I love to talk about my work and the results of folks participating in making plans and taking action around things that are important to them. And the results are amazing at times - did I mention that one project saved $600,000 last year from their efforts or that one community has doubled the amount of food they are distributing to those who are food insecure?! - but in sharing these stories, I am not always clear that the work has often been done in the midst of constraints that, at times, can feel impossible.
Here are some of the parameters on projects that I’ve worked on:
I work to support leaders to outline these types of parameters at the outset of the project. No one wants to come up with a brilliant plan that will then just be rejected by the Powers That Be. That undermines the credibility and quality of the work. So even when it’s painful, naming these parameters - no matter how restrictive they are - is really important to the ultimate success of the work.
And I’ll admit, that when we first hear the parameters, groups I work with are often demoralized. (And sometimes mad, too!) But, interestingly, those same parameters have often pushed us to be more creative and innovative than we typically would have been. It’s almost as if the challenge presented by the parameters, the impossibility of the task, calls people up to be smarter and more resourceful as they figure out what to do.
And that’s what we need: different, new, creative, solutions that aren't comprised of “just do more of what we know” or “try harder through more money”. I won’t pretend that the process to get to those new solutions is easy or that there isn’t a lot of wringing of hands or gnashing of teeth throughout, but the amount of ownership and pride folks feel when they have completed an impossible task is pretty darn awesome.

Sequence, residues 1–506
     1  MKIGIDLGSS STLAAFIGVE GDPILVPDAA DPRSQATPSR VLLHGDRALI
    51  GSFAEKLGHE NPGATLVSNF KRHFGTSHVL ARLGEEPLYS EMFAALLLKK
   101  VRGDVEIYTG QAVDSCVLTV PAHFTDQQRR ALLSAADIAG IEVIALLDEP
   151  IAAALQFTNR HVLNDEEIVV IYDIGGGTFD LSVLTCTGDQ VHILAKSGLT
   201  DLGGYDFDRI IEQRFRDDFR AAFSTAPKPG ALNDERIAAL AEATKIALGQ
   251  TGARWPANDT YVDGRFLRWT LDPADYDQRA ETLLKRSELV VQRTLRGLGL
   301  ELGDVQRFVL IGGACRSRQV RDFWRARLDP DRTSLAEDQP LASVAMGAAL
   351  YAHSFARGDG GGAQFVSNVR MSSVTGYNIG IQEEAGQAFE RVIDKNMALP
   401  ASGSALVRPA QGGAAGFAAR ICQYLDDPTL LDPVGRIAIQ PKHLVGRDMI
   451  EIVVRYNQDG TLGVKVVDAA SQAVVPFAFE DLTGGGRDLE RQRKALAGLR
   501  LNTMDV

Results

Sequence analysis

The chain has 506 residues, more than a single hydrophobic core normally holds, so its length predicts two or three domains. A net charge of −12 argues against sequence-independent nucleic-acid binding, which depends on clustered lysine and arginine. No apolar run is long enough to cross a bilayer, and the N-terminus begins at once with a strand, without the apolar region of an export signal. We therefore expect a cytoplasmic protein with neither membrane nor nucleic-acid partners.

And, interestingly, as groups start working in good faith with the parameters, those parameters often change. More than once, I’ve seen established parameters begin to soften and then actually disappear as groups get to work and begin to show results. For example, with our homelessness work here in town the original constraint of no new money eventually gave way to a $40 million fundraising campaign by the convening organization. This was a surprise to all of us, including the leadership!
So, I no longer feel defeated when parameters feel tough. I’ve seen folks do incredible work in seemingly impossible situations. I think it actually happens all the time. Now when I hear tough constraints, I take a deep breath I think to myself: Okay, I’ll take your parameters and raise you some really good work. Let’s just see what happens next.
This blog is a place where I share what I'm doing out in the world, reflect on what I'm learning, and also capture some of my random thoughts. I'd love these blogs to start new conversations. Please join me in the comments or send me an email about what these posts bring up